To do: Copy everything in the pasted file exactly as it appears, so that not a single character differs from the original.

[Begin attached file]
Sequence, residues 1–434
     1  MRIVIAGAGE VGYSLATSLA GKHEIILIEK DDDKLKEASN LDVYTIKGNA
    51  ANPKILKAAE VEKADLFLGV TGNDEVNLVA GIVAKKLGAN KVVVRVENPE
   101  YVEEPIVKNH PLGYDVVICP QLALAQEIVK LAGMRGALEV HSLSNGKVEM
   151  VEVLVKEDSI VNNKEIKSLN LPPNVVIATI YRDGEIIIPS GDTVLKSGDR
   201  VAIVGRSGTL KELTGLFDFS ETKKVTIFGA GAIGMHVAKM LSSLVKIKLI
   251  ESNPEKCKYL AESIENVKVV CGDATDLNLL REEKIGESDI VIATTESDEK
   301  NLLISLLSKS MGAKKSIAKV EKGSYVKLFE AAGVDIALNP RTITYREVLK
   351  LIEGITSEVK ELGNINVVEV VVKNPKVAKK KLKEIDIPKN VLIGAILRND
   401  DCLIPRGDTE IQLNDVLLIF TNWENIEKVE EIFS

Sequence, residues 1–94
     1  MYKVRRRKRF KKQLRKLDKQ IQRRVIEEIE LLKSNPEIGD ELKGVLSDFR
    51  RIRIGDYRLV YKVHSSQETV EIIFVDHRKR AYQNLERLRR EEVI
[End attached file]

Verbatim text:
Sequence, residues 1–434
     1  MRIVIAGAGE VGYSLATSLA GKHEIILIEK DDDKLKEASN LDVYTIKGNA
    51  ANPKILKAAE VEKADLFLGV TGNDEVNLVA GIVAKKLGAN KVVVRVENPE
   101  YVEEPIVKNH PLGYDVVICP QLALAQEIVK LAGMRGALEV HSLSNGKVEM
   151  VEVLVKEDSI VNNKEIKSLN LPPNVVIATI YRDGEIIIPS GDTVLKSGDR
   201  VAIVGRSGTL KELTGLFDFS ETKKVTIFGA GAIGMHVAKM LSSLVKIKLI
   251  ESNPEKCKYL AESIENVKVV CGDATDLNLL REEKIGESDI VIATTESDEK
   301  NLLISLLSKS MGAKKSIAKV EKGSYVKLFE AAGVDIALNP RTITYREVLK
   351  LIEGITSEVK ELGNINVVEV VVKNPKVAKK KLKEIDIPKN VLIGAILRND
   401  DCLIPRGDTE IQLNDVLLIF TNWENIEKVE EIFS

Sequence, residues 1–94
     1  MYKVRRRKRF KKQLRKLDKQ IQRRVIEEIE LLKSNPEIGD ELKGVLSDFR
    51  RIRIGDYRLV YKVHSSQETV EIIFVDHRKR AYQNLERLRR EEVI